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Encoding.GetString Method (Byte[])

When overridden in a derived class, decodes all the bytes in the specified byte array into a string.

Namespace:  System.Text
Assembly:  mscorlib (in mscorlib.dll)

public virtual string GetString(
	byte[] bytes
)

Parameters

bytes
Type: System.Byte[]

The byte array containing the sequence of bytes to decode.

Return Value

Type: System.String
A string that contains the results of decoding the specified sequence of bytes.

ExceptionCondition
ArgumentException

The byte array contains invalid Unicode code points.

ArgumentNullException

bytes is null.

DecoderFallbackException

A fallback occurred (see Character Encoding in the .NET Framework for complete explanation)

-and-

DecoderFallback is set to DecoderExceptionFallback.

If the data to be converted is available only in sequential blocks (such as data read from a stream) or if the amount of data is so large that it needs to be divided into smaller blocks, you should use the Decoder object returned by the GetDecoder method of a derived class.

See the Remarks section of the Encoding.GetChars reference topic for a discussion of decoding techniques and considerations.

Note that the precise behavior of the GetString method for a particular Encoding implementation depends on the fallback strategy defined for that Encoding object. For more information, see the "Choosing a Fallback Strategy" section of the Character Encoding in the .NET Framework topic.

The following example reads a UTF-8 encoded string from a binary file represented by a FileStream object. For files that are smaller than 2,048 bytes, it reads the contents of the entire file into a byte array and calls the GetString(Byte[]) method to perform the decoding. For larger files, it reads 2,048 bytes at a time into a byte array, calls the Decoder.GetCharCount(Byte[], Int32, Int32) method to determine how many characters are contained in the array, and then calls the Decoder.GetChars(Byte[], Int32, Int32, Char[], Int32) method to perform the decoding.

using System;
using System.IO;
using System.Text;

public class Example
{
   const int MAX_BUFFER_SIZE = 2048;
   static Encoding enc8 = Encoding.UTF8;

   public static void Main()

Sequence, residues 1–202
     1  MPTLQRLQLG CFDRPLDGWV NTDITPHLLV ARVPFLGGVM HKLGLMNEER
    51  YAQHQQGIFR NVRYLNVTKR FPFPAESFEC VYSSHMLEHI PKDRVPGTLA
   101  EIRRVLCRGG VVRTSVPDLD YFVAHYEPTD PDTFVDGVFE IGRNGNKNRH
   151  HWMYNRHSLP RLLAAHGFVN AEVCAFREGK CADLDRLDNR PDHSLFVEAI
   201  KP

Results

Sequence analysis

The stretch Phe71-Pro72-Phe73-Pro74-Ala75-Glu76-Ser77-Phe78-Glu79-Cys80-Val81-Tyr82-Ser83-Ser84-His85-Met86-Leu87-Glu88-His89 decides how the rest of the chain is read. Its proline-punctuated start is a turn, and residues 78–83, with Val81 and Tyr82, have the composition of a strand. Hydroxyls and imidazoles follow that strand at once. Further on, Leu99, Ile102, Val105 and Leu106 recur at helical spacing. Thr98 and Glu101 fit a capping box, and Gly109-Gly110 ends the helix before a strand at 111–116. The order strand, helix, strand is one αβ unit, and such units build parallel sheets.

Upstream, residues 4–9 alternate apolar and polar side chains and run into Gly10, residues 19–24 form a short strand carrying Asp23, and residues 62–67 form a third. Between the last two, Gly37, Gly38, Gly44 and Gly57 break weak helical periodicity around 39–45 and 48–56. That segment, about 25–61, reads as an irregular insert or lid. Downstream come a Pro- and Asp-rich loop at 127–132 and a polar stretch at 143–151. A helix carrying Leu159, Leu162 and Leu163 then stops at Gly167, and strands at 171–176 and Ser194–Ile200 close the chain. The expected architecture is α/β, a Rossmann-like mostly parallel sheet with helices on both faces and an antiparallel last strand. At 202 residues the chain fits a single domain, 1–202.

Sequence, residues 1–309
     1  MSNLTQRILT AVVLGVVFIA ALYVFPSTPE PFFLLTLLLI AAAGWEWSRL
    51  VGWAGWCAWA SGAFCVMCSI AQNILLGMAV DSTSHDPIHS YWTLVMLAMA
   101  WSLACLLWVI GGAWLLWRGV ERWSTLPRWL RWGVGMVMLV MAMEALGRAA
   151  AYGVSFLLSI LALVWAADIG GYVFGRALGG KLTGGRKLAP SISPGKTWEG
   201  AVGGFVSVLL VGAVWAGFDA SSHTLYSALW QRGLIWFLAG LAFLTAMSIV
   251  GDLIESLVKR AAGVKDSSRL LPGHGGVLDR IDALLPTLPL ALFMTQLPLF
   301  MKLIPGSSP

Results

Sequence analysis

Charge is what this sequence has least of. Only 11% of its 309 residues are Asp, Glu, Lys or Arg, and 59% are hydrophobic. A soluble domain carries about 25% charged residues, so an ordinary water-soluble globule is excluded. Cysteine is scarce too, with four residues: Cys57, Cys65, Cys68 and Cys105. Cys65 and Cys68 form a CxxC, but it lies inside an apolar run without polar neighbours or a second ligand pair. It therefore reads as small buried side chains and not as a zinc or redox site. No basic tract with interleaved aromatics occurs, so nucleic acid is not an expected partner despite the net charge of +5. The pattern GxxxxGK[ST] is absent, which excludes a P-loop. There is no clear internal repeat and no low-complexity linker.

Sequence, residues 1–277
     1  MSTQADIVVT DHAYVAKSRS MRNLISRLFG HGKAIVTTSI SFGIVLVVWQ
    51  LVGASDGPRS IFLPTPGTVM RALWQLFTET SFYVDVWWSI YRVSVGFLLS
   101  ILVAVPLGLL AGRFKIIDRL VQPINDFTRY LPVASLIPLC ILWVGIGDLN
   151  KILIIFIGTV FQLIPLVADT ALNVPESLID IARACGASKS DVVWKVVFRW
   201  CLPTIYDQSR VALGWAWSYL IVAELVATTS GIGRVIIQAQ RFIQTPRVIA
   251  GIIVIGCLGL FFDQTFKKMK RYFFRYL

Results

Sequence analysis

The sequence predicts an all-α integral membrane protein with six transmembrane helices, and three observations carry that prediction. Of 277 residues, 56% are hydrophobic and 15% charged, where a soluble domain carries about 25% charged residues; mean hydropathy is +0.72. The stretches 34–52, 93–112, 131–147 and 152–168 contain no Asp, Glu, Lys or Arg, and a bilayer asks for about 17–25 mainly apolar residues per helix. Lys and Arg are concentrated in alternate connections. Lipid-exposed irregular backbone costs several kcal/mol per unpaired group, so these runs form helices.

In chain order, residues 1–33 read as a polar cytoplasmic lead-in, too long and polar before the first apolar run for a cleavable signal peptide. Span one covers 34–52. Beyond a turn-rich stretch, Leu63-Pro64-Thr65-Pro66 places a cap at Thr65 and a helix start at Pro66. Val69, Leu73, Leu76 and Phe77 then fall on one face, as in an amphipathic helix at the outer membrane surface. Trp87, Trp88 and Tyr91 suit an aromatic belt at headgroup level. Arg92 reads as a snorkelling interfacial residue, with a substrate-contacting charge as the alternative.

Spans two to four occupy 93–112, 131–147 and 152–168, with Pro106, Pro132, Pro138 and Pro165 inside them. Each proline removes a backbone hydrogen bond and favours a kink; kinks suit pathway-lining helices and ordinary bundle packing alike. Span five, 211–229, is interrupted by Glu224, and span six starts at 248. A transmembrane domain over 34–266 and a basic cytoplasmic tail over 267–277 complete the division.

{
      FileStream fStream = new FileStream(@".\Utf8Example.txt", FileMode.Open);
      string contents = null;

      // If file size is small, read in a single operation. 
      if (fStream.Length <= MAX_BUFFER_SIZE) {
         Byte[] bytes = new Byte[fStream.Length];
         fStream.Read(bytes, 0, bytes.Length);
         contents = enc8.GetString(bytes);
      }
      // If file size exceeds buffer size, perform multiple reads. 
      else {
         contents = ReadFromBuffer(fStream);
      }
      fStream.Close();
      Console.WriteLine(contents);
   }

   private static string ReadFromBuffer(FileStream fStream)
   {
        Byte[] bytes = new Byte[MAX_BUFFER_SIZE];
        string output = String.Empty;
        Decoder decoder8 = enc8.GetDecoder();

        while (fStream.Position < fStream.Length) {
           int nBytes = fStream.Read(bytes, 0, bytes.Length);
           int nChars = decoder8.GetCharCount(bytes, 0, nBytes);
           char[] chars = new char[nChars];
           nChars = decoder8.GetChars(bytes, 0, nBytes, chars, 0);
           output += new String(chars, 0, nChars);                                                     
        }
        return output;
    }
}
// The example displays the following output: 
//     This is a UTF-8-encoded file that contains primarily Latin text, although it 
//     does list the first twelve letters of the Russian (Cyrillic) alphabet: 
//      
//     А б в г д е ё ж з и й к 
//      
//     The goal is to save this file, then open and decode it as a binary stream.

The example uses the following text, which should be saved to a UTF-8 encoded file named Utf8Example.txt.

This is a UTF-8-encoded file that contains primarily Latin text, although it 
does list the first twelve letters of the Russian (Cyrillic) alphabet:

А б в г д е ё ж з и й к

The goal is to save this file, then open and decode it as a binary stream.

.NET Framework

Supported in: 4.5.2, 4.5.1, 4.5, 4, 3.5, 3.0, 2.0, 1.1, 1.0

.NET Framework Client Profile

Supported in: 4, 3.5 SP1

Windows 8.1, Windows Server 2012 R2, Windows 8, Windows Server 2012, Windows 7, Windows Vista SP2, Windows Server 2008 (Server Core Role not supported), Windows Server 2008 R2 (Server Core Role supported with SP1 or later; Itanium not supported)

The .NET Framework does not support all versions of every platform. For a list of the supported versions, see .NET Framework System Requirements.

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